Originally from London, Rachel Elizabeth Seed is a Brooklyn-based nonfiction storyteller working in film, photography and writing. A 2019 Sundance Institute Fellow, her work has been featured in the New York Times, TIME, New York Magazine, BBC, The New Yorker, on PBS and at the International Center of Photography and she was a cameraperson on several award-winning feature documentaries. She is a recent Sundance Documentary Fund, NYFA/NYC Women’s Fund, Chicken + Egg Pictures, Jerome Foundation and New York State Council on the Arts grantee and an IFP Labs Fellow for her feature film, A Photographic Memory. Rachel’s work has also received support from the Maine Media Workshops, the Kentucky Foundation for Women and the Roy W. Dean grant. She’s been a contributing writer for the Sundance Institute and No Film School, a photography and film curator, and is Executive Director and Co-Founder of the Brooklyn Documentary Club, a filmmaker collective that meets monthly in Brooklyn, NY.
A few weeks ago, I had plans. So many plans.
Just back from an extended creative retreat in Southern California, the weeks ahead held promise and anticipation – after nine years in production on the feature documentary project A Photographic Memory and a few false starts in post, I was finally about to begin work with an excruciatingly vetted editor. In early March, my film team had just selected an office, purchased an edit system, and begun to excitedly plan for the months ahead. I’m a photographer as well as a filmmaker, so to use the industry terminology – if the world was a camera lens, the aperture was then at 1.8. Wide-open. Light pouring in. Full exposure.
Each day since, we in New York City – as well as across the globe, in increments, both before and after – have stopped down our apertures one at a time, the light getting reduced slowly, then quickly, as we find ourselves homebound, in quarantine, perhaps hyper-communicating via text, social media, and the newly ubiquitous Zoom, each one facing this wild new existence in their own way. Many of us suspect the world as we knew it no longer exists. Still, as independent filmmakers, we are used to thinking on our toes, tapping resources, dealing with last-minute plan changes, turning sweeping disappointments into opportunities, and overcoming hurdles.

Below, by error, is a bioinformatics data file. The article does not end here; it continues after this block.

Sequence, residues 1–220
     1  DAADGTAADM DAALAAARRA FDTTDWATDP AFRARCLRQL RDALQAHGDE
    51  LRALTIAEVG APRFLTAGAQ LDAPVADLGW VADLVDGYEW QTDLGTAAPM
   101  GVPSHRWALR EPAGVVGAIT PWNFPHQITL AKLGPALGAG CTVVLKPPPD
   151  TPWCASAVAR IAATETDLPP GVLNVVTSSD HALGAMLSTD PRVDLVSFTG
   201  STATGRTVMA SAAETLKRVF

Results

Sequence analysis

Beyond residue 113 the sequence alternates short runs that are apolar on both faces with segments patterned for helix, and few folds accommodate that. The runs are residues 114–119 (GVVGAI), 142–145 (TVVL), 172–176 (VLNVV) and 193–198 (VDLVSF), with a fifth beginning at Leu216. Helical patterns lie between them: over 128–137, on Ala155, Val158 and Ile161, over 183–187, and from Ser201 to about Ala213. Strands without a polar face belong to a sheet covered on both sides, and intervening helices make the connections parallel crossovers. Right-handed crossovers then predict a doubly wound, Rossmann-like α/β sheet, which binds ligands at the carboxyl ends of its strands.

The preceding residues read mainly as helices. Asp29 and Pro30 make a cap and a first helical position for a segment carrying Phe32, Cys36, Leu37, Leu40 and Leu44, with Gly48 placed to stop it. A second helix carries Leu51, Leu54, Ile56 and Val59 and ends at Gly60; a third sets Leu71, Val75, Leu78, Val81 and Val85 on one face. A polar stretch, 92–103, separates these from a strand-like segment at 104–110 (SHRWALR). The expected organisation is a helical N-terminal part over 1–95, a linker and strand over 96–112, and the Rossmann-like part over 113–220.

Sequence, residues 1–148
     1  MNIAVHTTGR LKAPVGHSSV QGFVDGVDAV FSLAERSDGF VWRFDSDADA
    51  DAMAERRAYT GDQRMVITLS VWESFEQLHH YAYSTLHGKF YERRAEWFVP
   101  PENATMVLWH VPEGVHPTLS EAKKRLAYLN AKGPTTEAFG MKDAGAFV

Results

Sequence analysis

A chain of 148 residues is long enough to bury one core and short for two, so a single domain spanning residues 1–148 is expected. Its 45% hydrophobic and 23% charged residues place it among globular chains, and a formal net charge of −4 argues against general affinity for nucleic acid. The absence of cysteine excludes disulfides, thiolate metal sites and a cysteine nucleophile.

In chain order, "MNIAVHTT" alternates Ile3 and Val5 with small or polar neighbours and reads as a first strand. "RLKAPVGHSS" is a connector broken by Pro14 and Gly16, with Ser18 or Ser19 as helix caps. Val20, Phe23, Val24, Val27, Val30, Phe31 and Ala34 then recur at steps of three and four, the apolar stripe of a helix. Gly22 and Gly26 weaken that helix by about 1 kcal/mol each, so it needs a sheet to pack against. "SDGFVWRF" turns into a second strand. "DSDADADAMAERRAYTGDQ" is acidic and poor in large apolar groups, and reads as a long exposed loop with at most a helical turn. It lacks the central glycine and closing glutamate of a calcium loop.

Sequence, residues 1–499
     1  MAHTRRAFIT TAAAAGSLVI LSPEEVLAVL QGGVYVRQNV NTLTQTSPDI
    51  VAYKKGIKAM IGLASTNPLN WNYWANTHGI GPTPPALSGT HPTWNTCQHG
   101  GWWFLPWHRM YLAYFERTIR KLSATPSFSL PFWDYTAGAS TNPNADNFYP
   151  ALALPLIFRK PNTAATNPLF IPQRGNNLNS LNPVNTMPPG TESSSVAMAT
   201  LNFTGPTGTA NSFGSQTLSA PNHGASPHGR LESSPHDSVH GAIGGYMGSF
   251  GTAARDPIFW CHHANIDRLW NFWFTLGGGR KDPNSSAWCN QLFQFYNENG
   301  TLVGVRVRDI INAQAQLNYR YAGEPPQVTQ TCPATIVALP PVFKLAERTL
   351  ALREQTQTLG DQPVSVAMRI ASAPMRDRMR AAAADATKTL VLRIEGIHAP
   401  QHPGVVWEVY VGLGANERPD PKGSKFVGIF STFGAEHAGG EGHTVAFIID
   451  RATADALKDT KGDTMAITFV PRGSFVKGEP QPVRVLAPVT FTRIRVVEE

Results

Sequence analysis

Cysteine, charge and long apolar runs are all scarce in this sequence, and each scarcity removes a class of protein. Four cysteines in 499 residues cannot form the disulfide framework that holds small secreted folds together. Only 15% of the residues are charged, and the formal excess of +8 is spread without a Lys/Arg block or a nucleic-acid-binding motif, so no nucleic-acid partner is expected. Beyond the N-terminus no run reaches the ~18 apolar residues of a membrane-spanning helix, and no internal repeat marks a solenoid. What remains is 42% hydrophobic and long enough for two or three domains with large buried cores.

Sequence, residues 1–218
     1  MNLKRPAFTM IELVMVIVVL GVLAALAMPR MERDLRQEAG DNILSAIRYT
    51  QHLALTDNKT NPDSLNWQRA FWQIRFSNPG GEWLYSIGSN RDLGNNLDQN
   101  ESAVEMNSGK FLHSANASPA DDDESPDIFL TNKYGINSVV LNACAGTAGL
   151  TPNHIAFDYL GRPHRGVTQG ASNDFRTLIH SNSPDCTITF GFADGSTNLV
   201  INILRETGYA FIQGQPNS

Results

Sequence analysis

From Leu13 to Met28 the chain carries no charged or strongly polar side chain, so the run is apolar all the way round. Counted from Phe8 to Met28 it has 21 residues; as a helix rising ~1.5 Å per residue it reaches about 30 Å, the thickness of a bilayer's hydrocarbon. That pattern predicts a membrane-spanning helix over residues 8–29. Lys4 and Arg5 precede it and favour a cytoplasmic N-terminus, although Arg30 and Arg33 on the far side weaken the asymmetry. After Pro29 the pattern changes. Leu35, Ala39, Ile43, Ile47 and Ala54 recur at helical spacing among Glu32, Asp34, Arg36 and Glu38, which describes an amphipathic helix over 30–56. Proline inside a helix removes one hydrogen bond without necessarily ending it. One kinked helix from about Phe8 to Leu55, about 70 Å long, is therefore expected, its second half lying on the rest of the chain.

But a couple of days ago, I found myself reflecting on how quickly and drastically I, and my fellow filmmakers (along with the rest of the world), have had to shift gears professionally, personally, physically – on every level, really. Countless peers who had also worked for years on a film that they had to make suddenly found their goals and dreams abruptly halted, in question – possibly forever, but at least for an unknown period. Some had films at SXSW, some at Tribeca, others at Hot Docs, Miami Film Festival, and more. Some were about to sign contracts with investors who’d verbally promised them deals, funds that would be the make-or-break difference between a film getting made or paused indefinitely. Dozens of folks in my greater filmmaking network were all of a sudden completely out of work. No more shoots, events, or budgets. Whereas many of us were already living one gig to the next within a bull market, now there were simply no gigs, nor any idea how rent would be paid or any other necessities afforded. And as we watched closely as the congress made relief deals for Americans, we realized we’d have to fight to be recognized amongst those eligible for relief.
This is a mixed time for many of us, full of highs and lows. On any given day, one can feel like a hero or a basketcase. On one hand, I’ve been in awe of this new reality, which to a storyteller can even seem exciting at times. Living in New York City, where many freelance creatives like myself schedule bite-sized meetings to squeeze into each others’ stretched schedules, for years I’ve felt a longing for deeper connection and community. Now, everyone seems turned to that as a priority, though ironically we can’t connect in person. It’s like everyone has discovered how selfish we’ve all been, focused inwards on our own individual lives and struggles. Now that we can’t see each other, urges that were previously unconscious or taken for granted are keenly felt. Physical touch. Seeing people in person. Looking into someone’s eyes. Going to a movie theater to watch films together and taking in the nuance of human emotions around us as they play. Otherwise, why do we make movies? If not to move people. To evoke emotion. And as a filmmaker, I think most of us want to be present as our audiences feel and react in subtle, immediate ways to the work. Of all the casualties of this pandemic, let us not allow movie theaters to be one of them.
Perhaps a gift of this time, when we up till now thought we knew a little about where we were headed, is the unknown. There is a rich beauty in this new curiosity, when as adults we think we come to “know” how things will be, how people are, and what to expect. Now there’s no script for where we are and every day new acts are written. This is both exciting and terrifying, particularly when the stakes are so high – economic disaster for some, illness and death for others. But also the potential for many of us to seize this moment, to reframe our lives and rethink and plan to rebuild those systems we had that no longer are viable, or were never beneficial in the first place.